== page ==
13. ^ Crowell, Paul (September 14, 1951). "$500,000,000 Voted For 2d Ave. Subway By Estimate Board: Program Including Connections to Existing Lines Depends on Public's Exemption of Bonds: Offer to L.I.R.R. Backed: Authorization Comes After Quill Admits That He Cannot Support 'Steal' Charge" (PDF). The New York Times. ISSN 0362-4331. Retrieved January 25, 2016.
  14. ^ a b c Metropolitan transportation, a program for action. Report to Nelson A. Rockefeller, Governor of New York. Internet Archive. Metropolitan Transportation Authority. February 1968. p. 22. Retrieved October 1, 2015.
  15. ^ Prial, Frank J. (March 21, 1971). "Long‐Awaited Subway Line on Utica Ave. in Brooklyn Is Still an Idea That Keeps Getting Untracked". The New York Times. ISSN 0362-4331. Retrieved January 16, 2018.
  16. ^ 1968–1973, the Ten-year Program at the Halfway Mark. Metropolitan Transportation Authority. 1973.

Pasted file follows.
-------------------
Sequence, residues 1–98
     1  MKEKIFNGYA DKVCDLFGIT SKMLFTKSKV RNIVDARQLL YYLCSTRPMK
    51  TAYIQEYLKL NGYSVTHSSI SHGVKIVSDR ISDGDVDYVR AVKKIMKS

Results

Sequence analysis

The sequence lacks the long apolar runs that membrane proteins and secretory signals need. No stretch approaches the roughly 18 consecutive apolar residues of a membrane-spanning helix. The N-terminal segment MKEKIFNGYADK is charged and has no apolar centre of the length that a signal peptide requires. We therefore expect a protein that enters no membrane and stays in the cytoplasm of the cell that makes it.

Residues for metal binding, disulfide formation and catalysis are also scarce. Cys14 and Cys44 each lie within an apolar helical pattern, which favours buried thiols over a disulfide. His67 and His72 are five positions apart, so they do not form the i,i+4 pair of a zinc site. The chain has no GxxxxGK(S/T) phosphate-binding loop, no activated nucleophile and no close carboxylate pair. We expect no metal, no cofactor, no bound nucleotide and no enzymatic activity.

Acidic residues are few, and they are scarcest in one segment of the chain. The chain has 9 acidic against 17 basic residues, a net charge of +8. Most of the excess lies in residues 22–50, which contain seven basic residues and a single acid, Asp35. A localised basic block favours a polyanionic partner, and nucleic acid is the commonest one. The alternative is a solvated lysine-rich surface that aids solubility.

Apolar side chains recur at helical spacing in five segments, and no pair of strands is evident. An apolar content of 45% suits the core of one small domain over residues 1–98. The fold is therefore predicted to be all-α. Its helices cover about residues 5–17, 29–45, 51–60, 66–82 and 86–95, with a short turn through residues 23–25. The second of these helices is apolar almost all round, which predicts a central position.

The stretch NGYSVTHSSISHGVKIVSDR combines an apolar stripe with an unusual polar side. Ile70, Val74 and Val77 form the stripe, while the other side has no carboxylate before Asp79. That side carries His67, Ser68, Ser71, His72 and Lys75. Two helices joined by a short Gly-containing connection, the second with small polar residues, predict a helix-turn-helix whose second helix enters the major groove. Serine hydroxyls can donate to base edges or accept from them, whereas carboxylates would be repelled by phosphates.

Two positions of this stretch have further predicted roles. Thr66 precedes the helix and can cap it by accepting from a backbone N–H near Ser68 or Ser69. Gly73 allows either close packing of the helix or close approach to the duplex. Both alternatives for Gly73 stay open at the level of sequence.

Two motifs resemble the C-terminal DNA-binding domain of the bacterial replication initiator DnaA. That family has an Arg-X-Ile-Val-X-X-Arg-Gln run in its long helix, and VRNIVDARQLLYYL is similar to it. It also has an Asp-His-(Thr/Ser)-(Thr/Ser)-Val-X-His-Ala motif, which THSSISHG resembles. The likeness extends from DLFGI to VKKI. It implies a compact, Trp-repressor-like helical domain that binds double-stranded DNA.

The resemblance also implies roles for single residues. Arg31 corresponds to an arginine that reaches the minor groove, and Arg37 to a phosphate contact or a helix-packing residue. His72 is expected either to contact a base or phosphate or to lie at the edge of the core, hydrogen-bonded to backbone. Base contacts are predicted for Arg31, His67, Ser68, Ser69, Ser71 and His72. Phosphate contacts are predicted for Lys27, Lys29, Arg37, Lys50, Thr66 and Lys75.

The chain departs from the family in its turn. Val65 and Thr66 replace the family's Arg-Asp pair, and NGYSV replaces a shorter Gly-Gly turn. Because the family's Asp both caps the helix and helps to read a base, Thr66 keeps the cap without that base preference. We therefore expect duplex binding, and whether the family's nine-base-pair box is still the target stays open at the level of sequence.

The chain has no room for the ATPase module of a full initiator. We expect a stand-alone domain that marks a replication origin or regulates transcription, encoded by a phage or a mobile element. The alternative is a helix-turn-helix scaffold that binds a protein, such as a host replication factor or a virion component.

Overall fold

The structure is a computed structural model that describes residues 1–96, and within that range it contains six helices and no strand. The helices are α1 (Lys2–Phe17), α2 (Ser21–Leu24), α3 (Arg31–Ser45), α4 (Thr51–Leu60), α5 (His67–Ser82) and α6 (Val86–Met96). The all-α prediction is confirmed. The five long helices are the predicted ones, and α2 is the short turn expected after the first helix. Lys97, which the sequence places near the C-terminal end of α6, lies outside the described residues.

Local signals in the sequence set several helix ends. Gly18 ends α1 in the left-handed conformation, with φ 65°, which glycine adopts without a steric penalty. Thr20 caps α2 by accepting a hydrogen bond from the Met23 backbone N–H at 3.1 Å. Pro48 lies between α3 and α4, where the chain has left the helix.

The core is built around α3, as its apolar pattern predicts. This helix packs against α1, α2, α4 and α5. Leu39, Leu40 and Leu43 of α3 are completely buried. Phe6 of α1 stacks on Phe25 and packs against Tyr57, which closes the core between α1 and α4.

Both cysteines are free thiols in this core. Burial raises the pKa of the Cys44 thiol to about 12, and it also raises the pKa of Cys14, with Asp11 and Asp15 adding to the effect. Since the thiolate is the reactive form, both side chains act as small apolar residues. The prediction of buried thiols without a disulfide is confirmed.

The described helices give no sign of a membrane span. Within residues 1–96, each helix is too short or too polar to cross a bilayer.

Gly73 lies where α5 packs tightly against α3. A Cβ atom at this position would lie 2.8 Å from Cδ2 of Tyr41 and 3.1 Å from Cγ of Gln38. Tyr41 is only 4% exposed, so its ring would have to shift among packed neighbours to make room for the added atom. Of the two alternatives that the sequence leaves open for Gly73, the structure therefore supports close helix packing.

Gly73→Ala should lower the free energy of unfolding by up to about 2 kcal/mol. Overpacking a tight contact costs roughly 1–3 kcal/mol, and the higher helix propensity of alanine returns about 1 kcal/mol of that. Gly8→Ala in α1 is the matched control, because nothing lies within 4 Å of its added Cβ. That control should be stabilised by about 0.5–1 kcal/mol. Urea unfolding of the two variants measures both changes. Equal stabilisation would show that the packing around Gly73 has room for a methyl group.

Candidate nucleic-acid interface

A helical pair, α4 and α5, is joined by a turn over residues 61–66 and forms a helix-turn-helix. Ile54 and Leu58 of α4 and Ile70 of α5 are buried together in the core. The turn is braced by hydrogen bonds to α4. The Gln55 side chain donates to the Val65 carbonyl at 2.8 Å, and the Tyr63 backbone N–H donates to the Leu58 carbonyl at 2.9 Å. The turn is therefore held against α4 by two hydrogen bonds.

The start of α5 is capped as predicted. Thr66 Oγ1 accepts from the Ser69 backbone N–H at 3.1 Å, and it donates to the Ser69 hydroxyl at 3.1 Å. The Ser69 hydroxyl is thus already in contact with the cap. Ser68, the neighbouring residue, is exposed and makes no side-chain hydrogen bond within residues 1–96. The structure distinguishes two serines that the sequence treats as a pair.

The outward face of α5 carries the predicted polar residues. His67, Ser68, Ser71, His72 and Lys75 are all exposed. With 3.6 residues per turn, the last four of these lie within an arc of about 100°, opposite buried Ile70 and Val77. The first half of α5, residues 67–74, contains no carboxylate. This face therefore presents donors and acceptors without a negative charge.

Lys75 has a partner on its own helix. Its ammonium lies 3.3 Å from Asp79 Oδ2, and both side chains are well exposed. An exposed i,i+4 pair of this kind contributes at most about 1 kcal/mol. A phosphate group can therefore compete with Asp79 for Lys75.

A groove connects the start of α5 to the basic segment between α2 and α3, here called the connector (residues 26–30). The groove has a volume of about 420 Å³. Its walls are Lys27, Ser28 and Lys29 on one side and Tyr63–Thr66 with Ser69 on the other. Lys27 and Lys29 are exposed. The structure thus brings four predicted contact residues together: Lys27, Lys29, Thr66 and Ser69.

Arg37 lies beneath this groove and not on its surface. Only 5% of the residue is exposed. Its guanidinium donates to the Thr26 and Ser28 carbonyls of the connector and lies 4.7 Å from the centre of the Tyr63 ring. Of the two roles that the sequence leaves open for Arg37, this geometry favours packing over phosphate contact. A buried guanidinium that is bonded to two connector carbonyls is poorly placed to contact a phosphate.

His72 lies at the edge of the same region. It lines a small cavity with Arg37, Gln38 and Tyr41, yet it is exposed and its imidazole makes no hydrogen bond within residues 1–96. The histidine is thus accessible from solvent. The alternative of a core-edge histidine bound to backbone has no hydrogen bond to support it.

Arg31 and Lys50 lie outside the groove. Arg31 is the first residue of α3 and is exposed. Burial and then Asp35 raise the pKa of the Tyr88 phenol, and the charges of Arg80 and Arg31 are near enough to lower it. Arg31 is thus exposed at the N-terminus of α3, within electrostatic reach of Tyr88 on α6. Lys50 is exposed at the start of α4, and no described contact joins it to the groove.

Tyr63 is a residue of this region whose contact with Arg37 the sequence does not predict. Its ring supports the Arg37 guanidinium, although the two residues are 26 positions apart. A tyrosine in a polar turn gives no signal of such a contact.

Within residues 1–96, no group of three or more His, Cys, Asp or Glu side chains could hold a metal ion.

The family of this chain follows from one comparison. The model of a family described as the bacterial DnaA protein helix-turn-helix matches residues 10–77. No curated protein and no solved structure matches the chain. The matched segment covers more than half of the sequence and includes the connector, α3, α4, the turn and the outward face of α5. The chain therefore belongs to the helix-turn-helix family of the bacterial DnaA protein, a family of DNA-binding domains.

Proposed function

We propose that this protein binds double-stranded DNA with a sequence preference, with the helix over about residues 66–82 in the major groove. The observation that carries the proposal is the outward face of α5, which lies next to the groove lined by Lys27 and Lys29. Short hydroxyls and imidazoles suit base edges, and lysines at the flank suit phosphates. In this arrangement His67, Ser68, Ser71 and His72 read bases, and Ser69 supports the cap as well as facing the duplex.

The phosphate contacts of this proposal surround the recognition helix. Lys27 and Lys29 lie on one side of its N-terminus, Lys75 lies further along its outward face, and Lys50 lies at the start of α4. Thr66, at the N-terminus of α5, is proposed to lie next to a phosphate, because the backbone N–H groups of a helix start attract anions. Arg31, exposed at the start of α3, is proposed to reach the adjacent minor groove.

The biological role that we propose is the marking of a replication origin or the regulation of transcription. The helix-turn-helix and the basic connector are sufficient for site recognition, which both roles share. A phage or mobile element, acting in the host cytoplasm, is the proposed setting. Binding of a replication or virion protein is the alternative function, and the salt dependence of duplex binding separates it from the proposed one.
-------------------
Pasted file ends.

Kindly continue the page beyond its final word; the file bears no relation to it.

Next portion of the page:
17. ^ "The Bulletin". New York Division Bulletin. Electric Railroaders' Association. 30 (1): 5. January 1987.
  18. ^ Gargan, Edward A. (June 11, 1981). "Agency lists its 69 most deteriorated subway stations". The New York Times. ISSN 0362-4331. Retrieved August 13, 2016.
  19. ^ a b "Postings: $6 Million Restoration for IRT Stop; Flatbush Ave. Station Gets New Old Look". The New York Times. March 6, 1994. ISSN 0362-4331. Retrieved September 4, 2016.
  20. ^ Cox, Jeremiah (July 22, 2009). "A Flatbush Ave name tablet". subwaynut.com. Retrieved January 16, 2018.
  21. ^ Cox, Jeremiah (July 22, 2009). "A close up of a mosaic F in the trimline at Flatbush Avenue". subwaynut.com. Retrieved January 16, 2018.